Let’s talk about Huperzine A.
It presents an interesting proposition – you see, despite having zero training benefits on its own, it could be a potentially useful tag team partner for choline. (13)
When we supplement with choline we do so with the aim of increasing acetylcholine. Meanwhile, one of the key benefits of supplementing with Huperzine A is that it decreases the breakdown of acetylcholine. This combination appears to be a match made in heaven (an increase in production coupled with a decrease in breakdown!), but more studies are needed in order to confirm whether it’s as effective in the gym as it looks on paper. (14)
How To Use Choline For Maximum Results
Right now choline presents an interesting conundrum.
I mean, we know HOW it should work…
… and we know WHY it should work…
… but there’s simply not enough research showing that it DOES work.
In fact, there’s research showing it makes very little difference at all. Heck, a 2018 review paper on optimal nutrition supplements for the brain didn’t even consider it as a potential option. (15)
So until more studies are available to cement its reputation as a truly effective performance booster, I would have you consider that choline is nothing more than a potentially useful ‘extra’ for those of you who’d like to cover all the bases.
That said, if you do wish to use choline here is how to do so. There are several different forms of choline to choose from:
- Choline bitartrate
- Choline chloride
- Choline dihydrogen citrate
- Alpha GPC (alpha-glycerol phosphoryl choline)
I recommend Alpha GPC, because this is the premium blend of choline which will yield the highest results from the smallest possible dose. That may not seem like a big deal yet, but seeing as higher doses of choline usually cause headaches it would be sensible to shrink the dose as much as possible (or split it up).
In terms of the optimal dose, aim for 500-1500mg per day.
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- Wallace T. C., et al. Choline: The Underconsumed and Underappreciated Essential Nutrient. Nutrition Today (2018).
- Sam C, et al. Physiology, Acetylcholine. StatPearls Publishing (2022).
- Conlay L. A., et al. Exercise and neuromodulators: choline and acetylcholine in marathon runners. Int J Sports Med (1992).
- Moreno H., et al. Chronic dietary choline supplementation modulates attentional change in adult rats. Behave Brain Res (2013).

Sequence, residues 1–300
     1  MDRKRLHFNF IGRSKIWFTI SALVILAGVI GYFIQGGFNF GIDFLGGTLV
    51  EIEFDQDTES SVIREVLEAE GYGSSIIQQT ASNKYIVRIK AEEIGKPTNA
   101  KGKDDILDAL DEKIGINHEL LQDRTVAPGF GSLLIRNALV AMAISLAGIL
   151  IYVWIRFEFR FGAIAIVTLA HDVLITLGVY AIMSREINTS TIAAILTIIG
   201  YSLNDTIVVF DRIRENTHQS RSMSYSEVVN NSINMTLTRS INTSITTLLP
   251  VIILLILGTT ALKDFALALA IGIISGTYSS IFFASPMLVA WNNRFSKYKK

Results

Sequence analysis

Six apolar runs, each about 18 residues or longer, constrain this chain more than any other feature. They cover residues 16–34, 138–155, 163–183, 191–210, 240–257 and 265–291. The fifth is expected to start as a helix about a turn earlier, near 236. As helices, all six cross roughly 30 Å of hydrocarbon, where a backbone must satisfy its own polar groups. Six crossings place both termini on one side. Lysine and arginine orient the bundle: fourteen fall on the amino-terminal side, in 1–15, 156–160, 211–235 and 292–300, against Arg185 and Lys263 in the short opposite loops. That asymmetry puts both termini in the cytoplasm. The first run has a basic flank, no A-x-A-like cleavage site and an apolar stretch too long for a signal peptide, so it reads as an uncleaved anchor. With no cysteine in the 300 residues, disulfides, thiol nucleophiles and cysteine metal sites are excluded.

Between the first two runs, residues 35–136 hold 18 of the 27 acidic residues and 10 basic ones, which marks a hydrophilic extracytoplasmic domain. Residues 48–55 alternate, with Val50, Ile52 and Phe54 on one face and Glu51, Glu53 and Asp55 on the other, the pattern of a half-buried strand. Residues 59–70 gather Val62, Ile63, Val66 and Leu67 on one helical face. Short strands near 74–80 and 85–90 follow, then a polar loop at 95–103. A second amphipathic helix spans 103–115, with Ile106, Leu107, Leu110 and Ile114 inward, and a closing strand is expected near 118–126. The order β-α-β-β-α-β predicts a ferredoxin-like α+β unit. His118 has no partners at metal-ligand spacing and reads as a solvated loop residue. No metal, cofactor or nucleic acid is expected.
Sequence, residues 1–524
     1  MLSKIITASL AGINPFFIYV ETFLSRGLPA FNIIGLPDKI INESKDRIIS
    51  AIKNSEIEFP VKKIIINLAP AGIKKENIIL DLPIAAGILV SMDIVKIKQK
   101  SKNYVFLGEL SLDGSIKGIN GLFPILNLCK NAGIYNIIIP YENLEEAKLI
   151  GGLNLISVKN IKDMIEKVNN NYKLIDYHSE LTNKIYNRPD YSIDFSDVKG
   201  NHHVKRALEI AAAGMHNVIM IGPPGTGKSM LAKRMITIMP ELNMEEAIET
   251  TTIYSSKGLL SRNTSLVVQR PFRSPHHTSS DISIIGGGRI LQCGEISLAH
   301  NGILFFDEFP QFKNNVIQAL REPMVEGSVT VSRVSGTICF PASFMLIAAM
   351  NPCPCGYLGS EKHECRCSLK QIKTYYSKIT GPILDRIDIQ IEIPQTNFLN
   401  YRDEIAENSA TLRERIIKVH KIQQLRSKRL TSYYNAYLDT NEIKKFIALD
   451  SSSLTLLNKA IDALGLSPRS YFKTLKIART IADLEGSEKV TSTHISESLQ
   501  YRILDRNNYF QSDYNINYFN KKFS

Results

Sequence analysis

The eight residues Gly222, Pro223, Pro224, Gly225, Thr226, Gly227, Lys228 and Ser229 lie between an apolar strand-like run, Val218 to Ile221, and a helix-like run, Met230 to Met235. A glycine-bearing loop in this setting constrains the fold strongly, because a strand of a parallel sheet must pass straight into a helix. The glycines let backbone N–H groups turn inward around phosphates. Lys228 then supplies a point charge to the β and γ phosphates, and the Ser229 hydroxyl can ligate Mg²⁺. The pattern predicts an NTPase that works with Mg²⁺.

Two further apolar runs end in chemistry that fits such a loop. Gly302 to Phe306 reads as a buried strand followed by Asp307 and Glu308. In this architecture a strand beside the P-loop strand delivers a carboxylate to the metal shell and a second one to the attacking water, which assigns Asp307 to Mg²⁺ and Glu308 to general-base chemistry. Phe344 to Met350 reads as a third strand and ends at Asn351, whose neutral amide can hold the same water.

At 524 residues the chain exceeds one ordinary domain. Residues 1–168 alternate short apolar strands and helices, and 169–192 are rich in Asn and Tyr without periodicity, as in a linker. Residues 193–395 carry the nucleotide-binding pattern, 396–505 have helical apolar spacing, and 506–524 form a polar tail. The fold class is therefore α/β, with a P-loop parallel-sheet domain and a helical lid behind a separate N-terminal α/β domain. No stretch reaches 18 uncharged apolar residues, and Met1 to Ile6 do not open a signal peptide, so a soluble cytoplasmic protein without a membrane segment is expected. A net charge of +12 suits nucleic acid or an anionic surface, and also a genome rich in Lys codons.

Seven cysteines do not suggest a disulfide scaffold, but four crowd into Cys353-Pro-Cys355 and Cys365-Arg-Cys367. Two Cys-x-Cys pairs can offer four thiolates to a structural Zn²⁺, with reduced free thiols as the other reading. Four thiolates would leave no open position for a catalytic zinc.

- Naber M., et al. Improved human visuomotor performance and pupil constriction after choline supplementation in a placebo-controlled double-blind study. Sci Rep (2015).
- Warber J. P., et al. The effects of choline supplementation on physical performance. Int J Sport Nutr Exerc Metab (2000)
- Deuster P. A., et al. Choline ingestion does not modify physical or cognitive performance. Mil Med (2002).
- Wozniak J. R., et al. Four-year follow-up of a randomized controlled trial of choline for neurodevelopment in fetal alcohol spectrum disorder. J Neuro Dev Disorders (2020).
- Caudill M. A., et al. Folate, choline, vitamin B12, and vitamin B6 (chapter 25). Biochemical, Physiological, and Molecular Aspects of Human Nutrition (2013).
- Buchman A. L., et al. Choline deficiency causes reversible hepatic abnormalities in patients receiving parenteral nutrition: proof of a human choline requirement: a placebo-controlled trial. JPEN J Parenter Enteral Nutr (2001).
- Zeisel S. H., et al. Choline, an essential nutrient for humans. FASEB J (1991).
- da Costa K., et al. Elevated serum creatine phosphokinase in choline-deficient humans: mechanistic studies in C2C12 mouse myoblasts. Am J Clin Nutr (2004).
- Wessinger C. M., et al. Effect of Huperzine A on Cognitive Function and Perception of Effort during Exercise: A Randomized Double-Blind Crossover Trial. Int J Exerc Sci (2021).
- Li Y, et al. Pharmacokinetics of huperzine A following oral administration to human volunteers. Eur J Metab Pharmacokinet (2007).
- Meeusen R., et al. Nutritional Supplements and the Brain. Int J Sport Nutr Exerc Metab (2018).